Devastating and dramatic press about the unprecedented flooding in Pakistan brought to the surface a book that meets and exceeds this criterion: Alice Albinia’s book EMPIRES OF THE INDUS is an ambitious journey along the Indus River, traveling physically along it as well as historically through the civilizations, settlements, discoveries and fatalities that the River has nourished, and suffered from. Albinia tells us in the Preface that even studying Indian history “eclectically, omnivorously and hastily,” it is wildly obvious that “everywhere I turned, the Indus was present.”
The next logical step for a student of history and literature after forming such a hypothesis is to test it, of course. And so Albinia spends four undaunted years traveling on and along a river, taking dilapidated boats, befriending taxi drivers, traveling on foot, climbing mountains, descending into valleys, and squeezing into jeeps as required. She crosses borders legally and illegally, colorful in bright shalwar kameezes and stamped in anonymous black and white when burqa-clad. Her fluent Urdu wins over policemen and passersby alike and she is uncannily able to find the information she needs to round out the particular chapter she is working on.
Time and again during this journey up a river, I find that the Indus is still – as it has been for centuries – a place where people, ideas and religions meet and mingle.
The constant current of coincidence and ease Albinia encounters helps belie the predominantly weary, frustrating and at times dangerous journey this must have been, but her book is a tidy balance of history, travelogue and memoir that keeps me turning the pages.
Albinia kindles the two-dimensional history in books, libraries and articles to a three-dimensional kind. The history in the life and voice of a river, whispered in the dark around a fire, swimming in Pakistani sewers, lurking in Sufi tombs – “a torrent of colour and life” – and contained in an age-old Afghani “sex potion” (with hallucinatory side effects!). Broken boat propellers and illegal border crossings are minor obstacles to the river Albinia insists on following from the Arabian Sea back to its source in Tibet; she marvels with informed confidence at the lessons she is learning: she comments that a young Pakistani father cooking his children dinner is “a thing as rare in Pakistan as a free and fair election,” and she shares her “deeper understanding of the world of good, well-behaved, God-fearing Muslim girls” while boldly dismissing the descendants of Sufi saints as “universally unreliable” in their spirituality and sincerity.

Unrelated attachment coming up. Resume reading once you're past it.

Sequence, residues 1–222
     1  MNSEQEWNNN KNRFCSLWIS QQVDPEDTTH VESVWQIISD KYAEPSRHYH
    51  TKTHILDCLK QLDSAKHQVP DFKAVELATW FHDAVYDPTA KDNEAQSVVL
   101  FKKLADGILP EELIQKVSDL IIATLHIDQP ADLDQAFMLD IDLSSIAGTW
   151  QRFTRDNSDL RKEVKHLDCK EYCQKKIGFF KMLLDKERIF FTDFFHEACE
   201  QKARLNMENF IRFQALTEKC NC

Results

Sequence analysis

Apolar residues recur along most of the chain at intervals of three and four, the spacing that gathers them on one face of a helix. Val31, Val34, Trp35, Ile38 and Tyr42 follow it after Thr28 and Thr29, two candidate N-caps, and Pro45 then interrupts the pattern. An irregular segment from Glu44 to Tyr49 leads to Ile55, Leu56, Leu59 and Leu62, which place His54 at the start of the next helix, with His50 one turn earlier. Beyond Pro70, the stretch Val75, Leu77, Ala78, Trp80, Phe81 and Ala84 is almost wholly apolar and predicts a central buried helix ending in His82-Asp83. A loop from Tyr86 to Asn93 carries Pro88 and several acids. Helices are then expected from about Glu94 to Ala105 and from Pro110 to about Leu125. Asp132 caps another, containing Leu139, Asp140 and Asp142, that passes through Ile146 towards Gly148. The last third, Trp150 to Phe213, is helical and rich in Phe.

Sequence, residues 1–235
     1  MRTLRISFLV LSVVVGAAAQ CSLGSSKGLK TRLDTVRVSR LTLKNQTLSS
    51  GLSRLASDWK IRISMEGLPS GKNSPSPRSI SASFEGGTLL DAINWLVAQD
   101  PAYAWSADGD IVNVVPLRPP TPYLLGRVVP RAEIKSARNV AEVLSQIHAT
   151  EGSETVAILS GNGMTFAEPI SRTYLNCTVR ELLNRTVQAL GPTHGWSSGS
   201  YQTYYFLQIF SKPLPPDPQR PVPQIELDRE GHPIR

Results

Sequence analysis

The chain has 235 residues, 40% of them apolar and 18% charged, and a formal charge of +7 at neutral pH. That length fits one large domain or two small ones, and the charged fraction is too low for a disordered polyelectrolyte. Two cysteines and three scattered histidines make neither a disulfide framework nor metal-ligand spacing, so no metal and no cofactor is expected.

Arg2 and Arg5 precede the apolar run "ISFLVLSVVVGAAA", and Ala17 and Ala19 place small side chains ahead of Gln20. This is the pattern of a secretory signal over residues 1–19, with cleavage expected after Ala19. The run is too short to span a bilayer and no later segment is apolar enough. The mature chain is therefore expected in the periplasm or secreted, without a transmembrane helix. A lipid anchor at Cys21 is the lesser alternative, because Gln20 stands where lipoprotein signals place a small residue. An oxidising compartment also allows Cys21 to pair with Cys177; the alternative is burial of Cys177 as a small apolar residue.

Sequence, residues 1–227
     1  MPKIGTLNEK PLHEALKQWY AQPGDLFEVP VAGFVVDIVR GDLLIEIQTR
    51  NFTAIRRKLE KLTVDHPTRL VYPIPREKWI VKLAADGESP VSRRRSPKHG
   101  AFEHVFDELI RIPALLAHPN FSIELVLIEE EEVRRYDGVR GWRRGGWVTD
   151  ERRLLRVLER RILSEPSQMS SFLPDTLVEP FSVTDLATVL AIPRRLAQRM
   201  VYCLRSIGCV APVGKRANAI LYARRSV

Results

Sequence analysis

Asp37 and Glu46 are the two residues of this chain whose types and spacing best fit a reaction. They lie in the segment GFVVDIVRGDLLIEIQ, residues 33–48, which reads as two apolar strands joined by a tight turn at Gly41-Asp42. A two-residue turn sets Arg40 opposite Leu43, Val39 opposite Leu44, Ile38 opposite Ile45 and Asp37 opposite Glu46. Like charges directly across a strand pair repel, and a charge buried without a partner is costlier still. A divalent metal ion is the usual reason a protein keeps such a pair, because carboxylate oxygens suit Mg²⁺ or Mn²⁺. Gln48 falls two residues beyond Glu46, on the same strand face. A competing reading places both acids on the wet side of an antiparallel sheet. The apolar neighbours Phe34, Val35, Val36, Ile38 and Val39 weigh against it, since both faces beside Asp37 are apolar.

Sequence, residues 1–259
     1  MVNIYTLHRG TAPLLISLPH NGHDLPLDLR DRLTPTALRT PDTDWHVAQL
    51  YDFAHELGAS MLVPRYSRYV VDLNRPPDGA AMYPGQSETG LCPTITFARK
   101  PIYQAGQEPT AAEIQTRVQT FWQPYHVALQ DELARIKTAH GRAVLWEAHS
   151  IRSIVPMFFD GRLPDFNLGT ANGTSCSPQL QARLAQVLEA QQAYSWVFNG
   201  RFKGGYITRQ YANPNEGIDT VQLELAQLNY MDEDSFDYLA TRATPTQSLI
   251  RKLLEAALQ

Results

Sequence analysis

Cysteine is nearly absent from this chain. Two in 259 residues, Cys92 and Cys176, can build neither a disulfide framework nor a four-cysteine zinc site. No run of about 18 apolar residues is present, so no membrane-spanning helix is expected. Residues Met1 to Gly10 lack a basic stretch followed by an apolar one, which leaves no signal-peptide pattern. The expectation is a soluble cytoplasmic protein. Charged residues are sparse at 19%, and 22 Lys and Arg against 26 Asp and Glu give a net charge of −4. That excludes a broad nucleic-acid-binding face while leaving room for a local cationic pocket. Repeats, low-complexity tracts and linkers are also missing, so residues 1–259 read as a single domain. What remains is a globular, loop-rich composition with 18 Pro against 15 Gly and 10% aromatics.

The book’s chapters are sorted into brimming buckets of time, starting in the 19th century with the British’s confounded reactions to the river, loving and hating it as their mood to invade shifted. Next are the Sheedis of the 18th century and a discussion of early Islam and its endearment towards the generations of African slaves imported into Asia. In the next chapter about the 18th century Sufi River Saints, Alice’s name becomes ‘Ali-se’ and takes on Islamic etymology, meaning ‘from Ali,’ who is “the Sufi father of them all.” Chapter four addresses the rise of Sikhs and Sikhism in the 15th century and their five-pronged sense of identity that mirrors the Indus’ branches. Following that—moving backwards in time, that is—is the 11th century that heralds the Mughals in India, regal emperors “whose grandsire was an Uzbek.” Beyond that the book moves into the BCE, covering Buddhist dynasties; Alexander the Great’s 400-km conquest which Albinia mimics on foot; Rigvedic life and the Aryans; Indus Valley civilizations-turned-archaeological sites; and northern Kashmir and Ladakh, home to the Empire of Eastern Women and female oracles, as carvings reveal. Here, Albinia pauses: “were I an Indian feminist, this stone would be my icon,” and I like her even more.
Moving through Pakistan’s provinces, Afghani terrain, northern India, Kashmir and Tibet, Albinia collects a swath of reactions to her journey and to the life-giving Indus River. Proud British invaders boast that the ‘haughty Lords of SINDE have indeed been humbled…we have at last secured our influence on the Indus,’ and today a pious Muslim woman throws her Qur’an into the river to pray for her son’s health to improve. Albinia understands and explains how Shah Inayat, a Sufi saint, embodies “Sindh’s distinct brand of nationalism – politically socialist and religiously syncretic,” just as the Indus boat-people’s proximity to the river is correlated to how orthodox Muslim they are, which I understand as an older version of urbanization and the concentric clusters of educated people that inhabit cities.
In his famous book SIDDHARTHA, Herman Hesse writes:
He who would understand this water and its secrets, so it seemed to him, would also understand many other things, many secrets, all secrets.
Albinia’s quest to understand the secrets of the Indus and the “many other things” it afforded, carried and drowned drives her towards Tibet. She has placated army officers, dressed in disguise, won the trust of shy women and drunk men and conversed through a chain of languages, resorting to reflective silence when language is lacking. I frequently forget that she is a British woman interviewing illiterates, digging up historical texts and making 4000 km detours, thanks to her smooth writing style and the hospitable peoples she interacts with who pay her 'differences' no heed. She has melded these tributaries of history into a rippling narrative worthy of the empires she writes about, and handed me my first exciting History lesson, too.
BOOK: EMPIRES OF THE INDUS by Alice Albinia, published by W. W. Norton & Company, Inc., 2008